will He give it to us who believe; to be out of Him is death. It is
mere heathen philosophy that attributes to the soul indestructibility
in itself, which is to be attributed solely to God's gift. As He hath
life in Himself, so hath He given to the Son to have life in
The term used in the New Testament for "immortal," which does not
occur, is "incorruptible." "Immortality" is found in
1Co 15:53, 54.
dwelling in the light which no man can approach unto--After
life comes mention of light, as in
That light is unapproachable to creatures, except in so
far as they are admitted by Him, and as He goes forth to them
[BENGEL]. It is unapproachable on account
of its exceeding brightness [THEOPHYLACT]. If one
cannot gaze steadfastly at the sun, which is but a small part of
creation, by reason of its exceeding heat and power, how much less can
mortal man gaze at the inexpressible glory of God [THEOPHYLACT, To Autolycus]
no man hath seen--
Perhaps even in the perfect state no creature shall fully see God.
Still the saints shall, in some sense, have the blessedness of
seeing Him, which is denied to mere man
17. Resuming the subject from above,
1Ti 6:5, 10.
The immortality of God, alone rich in glory, and of His people through
Him, is opposed to the lust of money (compare
From speaking of the desire to be rich, he here passes to those
who are rich: (1) What ought to be their disposition; (2) What
use they ought to make of their riches, and, (3) The consequences of
their so using them.
rich in this world--contrasted with the riches of the future kingdom
to be the portion of believers at Christ's "appearing,"
high-minded--often the character of the rich (see
trust--Greek, "to have their trust resting."
in . . . in--rather, "upon . . . upon," as the oldest manuscripts.
uncertain riches--rather as Greek, "the
uncertainty of riches." They who rest their trust on riches,
rest trust on uncertainty itself
Now they belong to one person, now to another, and that which has many
masters is possessed by none [THEODORET].
living God--The best manuscripts and versions omit "living." He who
trusts in riches transfers to them the duty he owes to God [CALVIN].
who giveth--Greek, "affordeth."
all things richly--temporal and eternal, for the body and for the soul.
In order to be truly rich, seek to be blessed of, and in, God
to enjoy--Greek, "for enjoyment." Not that the heart may
cleave to them as its idol and trust
Enjoyment consists in giving, not in holding fast.
Non-employment should be far removed, as from man, so from his
(Jas 5:2, 3)
18. do good--like God Himself
TITTMANN translates, "to do," or "act well"; as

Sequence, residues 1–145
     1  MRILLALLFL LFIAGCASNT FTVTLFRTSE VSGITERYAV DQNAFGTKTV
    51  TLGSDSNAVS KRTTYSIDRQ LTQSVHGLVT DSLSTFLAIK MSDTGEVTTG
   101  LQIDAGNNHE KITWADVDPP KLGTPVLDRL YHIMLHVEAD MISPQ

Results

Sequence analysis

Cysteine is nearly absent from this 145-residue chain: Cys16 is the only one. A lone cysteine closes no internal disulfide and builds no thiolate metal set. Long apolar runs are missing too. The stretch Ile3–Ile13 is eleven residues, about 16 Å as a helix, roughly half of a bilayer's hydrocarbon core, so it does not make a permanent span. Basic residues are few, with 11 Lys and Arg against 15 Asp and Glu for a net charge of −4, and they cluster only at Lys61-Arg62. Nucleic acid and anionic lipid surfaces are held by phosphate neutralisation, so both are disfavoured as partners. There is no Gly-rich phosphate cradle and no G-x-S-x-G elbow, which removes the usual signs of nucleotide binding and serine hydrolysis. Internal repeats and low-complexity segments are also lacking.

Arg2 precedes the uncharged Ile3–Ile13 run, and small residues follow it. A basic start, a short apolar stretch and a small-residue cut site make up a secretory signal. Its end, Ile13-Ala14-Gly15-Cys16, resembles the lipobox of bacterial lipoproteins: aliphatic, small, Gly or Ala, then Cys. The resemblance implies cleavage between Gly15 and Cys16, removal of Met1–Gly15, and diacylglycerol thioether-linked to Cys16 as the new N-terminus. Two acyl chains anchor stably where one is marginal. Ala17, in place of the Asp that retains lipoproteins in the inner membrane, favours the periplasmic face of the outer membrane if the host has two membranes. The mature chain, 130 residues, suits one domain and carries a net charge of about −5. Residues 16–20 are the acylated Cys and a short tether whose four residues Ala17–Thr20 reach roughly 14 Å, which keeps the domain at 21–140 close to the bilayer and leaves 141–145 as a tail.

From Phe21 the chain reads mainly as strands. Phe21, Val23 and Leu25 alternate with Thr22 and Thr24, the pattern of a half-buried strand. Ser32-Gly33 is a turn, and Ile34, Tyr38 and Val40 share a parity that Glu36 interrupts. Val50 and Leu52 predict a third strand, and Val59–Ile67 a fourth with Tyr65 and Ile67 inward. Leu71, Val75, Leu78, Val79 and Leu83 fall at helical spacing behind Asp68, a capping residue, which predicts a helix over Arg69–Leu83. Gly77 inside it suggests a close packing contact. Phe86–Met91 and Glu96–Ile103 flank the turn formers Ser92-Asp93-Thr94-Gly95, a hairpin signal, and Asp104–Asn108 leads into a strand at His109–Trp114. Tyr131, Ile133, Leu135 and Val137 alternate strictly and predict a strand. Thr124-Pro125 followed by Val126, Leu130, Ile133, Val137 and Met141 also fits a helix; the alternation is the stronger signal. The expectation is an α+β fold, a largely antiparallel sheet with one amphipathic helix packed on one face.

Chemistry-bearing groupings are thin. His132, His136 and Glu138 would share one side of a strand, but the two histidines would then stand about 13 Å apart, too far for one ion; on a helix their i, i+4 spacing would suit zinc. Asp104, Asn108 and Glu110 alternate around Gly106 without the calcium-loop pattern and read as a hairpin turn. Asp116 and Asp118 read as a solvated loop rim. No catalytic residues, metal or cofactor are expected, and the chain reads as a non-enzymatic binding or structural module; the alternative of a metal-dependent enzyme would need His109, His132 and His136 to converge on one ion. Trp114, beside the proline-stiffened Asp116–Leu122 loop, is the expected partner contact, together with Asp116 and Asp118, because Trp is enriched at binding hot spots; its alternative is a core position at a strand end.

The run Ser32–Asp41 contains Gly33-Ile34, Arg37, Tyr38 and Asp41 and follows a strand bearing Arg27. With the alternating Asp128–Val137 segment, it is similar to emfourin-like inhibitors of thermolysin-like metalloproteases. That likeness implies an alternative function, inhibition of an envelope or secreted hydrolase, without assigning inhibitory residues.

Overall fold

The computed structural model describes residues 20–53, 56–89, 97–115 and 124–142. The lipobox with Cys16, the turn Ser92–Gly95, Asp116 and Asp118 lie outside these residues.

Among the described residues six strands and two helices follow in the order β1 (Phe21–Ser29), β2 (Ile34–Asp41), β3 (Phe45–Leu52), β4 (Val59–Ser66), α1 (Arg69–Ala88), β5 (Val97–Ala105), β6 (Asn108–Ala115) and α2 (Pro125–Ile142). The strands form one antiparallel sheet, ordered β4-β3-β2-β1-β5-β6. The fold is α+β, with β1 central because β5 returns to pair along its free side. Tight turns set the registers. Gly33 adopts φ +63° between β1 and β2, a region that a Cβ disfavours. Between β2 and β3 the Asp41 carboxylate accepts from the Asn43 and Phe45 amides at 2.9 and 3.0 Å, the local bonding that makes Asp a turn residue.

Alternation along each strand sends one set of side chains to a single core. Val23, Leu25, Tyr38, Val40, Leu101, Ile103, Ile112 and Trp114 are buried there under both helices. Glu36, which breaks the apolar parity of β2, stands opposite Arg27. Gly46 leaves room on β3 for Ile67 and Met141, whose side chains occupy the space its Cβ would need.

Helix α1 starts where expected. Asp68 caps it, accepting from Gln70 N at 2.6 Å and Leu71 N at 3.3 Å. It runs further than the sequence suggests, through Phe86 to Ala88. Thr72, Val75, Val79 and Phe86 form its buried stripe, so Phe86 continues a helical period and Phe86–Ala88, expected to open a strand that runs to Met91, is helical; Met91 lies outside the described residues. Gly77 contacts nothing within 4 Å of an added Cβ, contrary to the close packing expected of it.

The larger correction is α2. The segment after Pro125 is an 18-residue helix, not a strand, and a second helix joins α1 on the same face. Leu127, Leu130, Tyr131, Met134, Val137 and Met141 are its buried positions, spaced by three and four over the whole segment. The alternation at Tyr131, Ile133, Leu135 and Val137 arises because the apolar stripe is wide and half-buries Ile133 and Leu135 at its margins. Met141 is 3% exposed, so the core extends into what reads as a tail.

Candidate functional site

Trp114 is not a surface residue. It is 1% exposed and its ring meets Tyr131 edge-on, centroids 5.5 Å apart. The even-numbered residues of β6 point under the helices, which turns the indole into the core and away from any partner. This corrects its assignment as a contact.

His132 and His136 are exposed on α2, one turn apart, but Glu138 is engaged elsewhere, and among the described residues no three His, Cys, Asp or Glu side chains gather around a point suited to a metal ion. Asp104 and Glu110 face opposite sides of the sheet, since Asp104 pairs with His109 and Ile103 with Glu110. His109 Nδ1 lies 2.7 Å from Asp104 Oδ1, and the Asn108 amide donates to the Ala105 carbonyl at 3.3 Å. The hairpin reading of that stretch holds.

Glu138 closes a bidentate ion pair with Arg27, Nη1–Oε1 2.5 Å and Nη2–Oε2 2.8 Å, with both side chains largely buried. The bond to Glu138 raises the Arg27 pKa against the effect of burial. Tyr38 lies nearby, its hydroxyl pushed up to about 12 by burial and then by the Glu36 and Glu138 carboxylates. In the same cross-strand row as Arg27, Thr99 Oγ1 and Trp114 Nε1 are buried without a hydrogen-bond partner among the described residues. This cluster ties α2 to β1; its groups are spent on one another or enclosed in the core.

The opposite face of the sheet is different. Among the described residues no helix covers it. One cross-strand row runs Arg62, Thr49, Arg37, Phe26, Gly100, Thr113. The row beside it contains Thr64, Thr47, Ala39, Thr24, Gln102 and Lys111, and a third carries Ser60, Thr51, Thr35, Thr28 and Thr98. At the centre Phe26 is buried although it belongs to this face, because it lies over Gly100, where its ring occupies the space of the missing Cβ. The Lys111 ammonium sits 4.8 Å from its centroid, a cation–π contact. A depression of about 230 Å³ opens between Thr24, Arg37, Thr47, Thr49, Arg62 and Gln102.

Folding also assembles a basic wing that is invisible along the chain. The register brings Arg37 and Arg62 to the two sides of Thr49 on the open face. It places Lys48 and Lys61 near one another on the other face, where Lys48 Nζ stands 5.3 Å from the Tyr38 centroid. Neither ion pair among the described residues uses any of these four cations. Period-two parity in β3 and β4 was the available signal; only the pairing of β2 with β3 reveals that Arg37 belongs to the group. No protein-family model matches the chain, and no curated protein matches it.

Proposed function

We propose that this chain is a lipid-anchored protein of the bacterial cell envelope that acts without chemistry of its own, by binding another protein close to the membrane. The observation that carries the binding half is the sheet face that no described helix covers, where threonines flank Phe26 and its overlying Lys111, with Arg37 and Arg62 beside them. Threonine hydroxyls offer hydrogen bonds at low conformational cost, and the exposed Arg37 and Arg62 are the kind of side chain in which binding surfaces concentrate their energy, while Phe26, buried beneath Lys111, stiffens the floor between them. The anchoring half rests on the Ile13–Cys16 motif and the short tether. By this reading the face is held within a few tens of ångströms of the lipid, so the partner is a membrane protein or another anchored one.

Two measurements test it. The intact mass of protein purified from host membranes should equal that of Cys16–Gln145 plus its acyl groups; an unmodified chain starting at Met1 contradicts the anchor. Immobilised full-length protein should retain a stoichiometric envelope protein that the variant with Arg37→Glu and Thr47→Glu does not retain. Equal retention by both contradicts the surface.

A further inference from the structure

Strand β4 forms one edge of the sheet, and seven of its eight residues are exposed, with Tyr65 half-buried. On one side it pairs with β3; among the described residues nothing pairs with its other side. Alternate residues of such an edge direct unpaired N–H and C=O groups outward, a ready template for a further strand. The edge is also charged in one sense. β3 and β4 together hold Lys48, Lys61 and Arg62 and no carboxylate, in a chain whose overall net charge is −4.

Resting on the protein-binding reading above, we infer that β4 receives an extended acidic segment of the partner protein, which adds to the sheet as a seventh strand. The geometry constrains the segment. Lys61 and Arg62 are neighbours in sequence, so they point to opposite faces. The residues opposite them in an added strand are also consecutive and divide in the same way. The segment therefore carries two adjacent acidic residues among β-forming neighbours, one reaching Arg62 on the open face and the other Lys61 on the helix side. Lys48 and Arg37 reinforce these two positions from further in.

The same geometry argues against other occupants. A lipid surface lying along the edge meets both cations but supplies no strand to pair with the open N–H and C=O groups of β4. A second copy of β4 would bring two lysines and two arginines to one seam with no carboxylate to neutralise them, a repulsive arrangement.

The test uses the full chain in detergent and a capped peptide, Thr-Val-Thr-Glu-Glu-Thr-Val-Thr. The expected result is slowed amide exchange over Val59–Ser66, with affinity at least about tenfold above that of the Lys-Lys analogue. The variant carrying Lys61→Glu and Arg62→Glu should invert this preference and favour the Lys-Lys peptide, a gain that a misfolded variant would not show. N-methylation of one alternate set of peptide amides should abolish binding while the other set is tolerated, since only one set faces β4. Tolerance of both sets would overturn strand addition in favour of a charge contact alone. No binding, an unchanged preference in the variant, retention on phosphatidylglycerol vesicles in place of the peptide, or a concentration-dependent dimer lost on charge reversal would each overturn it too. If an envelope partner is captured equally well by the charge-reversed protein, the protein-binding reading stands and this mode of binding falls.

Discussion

the Greek for "to be beneficent" is a distinct word,
rich in good works--so "rich in faith," which produces good works
Contrasted with "rich in this world,"
Literally, it is "rich in honorable (right) works." Greek,
"kalois," "ergois," are works good or right in
themselves: "agathois," good to another.
ready to distribute--free givers [ALFORD]; the heart not cleaving to
possessions, but ready to impart to others.
willing to communicate--ready contributors
[ALFORD]: liberal in
admitting others to share our goods in common with ourselves
19. Laying up in store--"therefrom (that is, by this means
[ALFORD]; but BENGEL makes
the Greek "apo" mean laying apart against a future
time), laying up for themselves as a treasure"
(Mt 6:19, 20).
This is a treasure which we act wisely in laying up in store,
whereas the wisest thing we can do with earthly treasures is "to
distribute" them and give others a share of them
good foundation--(See on
The sure reversion of the future heavenly inheritance: earthly riches
scattered in faith lay up in store a sure increase of
heavenly riches. We gather by scattering
(Pr 11:24; 13:7;
that . . . eternal life--The oldest manuscripts and
versions read, "that which is really life," its joys being solid
The life that now is cannot be called so, its goods being
unsubstantial, and itself a vapor
"In order that ('with their feet so to speak on this foundation'
[DE WETTE]) they may lay hold
on that which is life indeed."
20, 21. Recapitulatory conclusion: the main aim of the whole Epistle
being here summarily stated.
O Timothy--a personal appeal, marking at once his affection for
Timothy, and his prescience of the coming heresies.
keep--from spiritual thieves, and from enemies who will, while men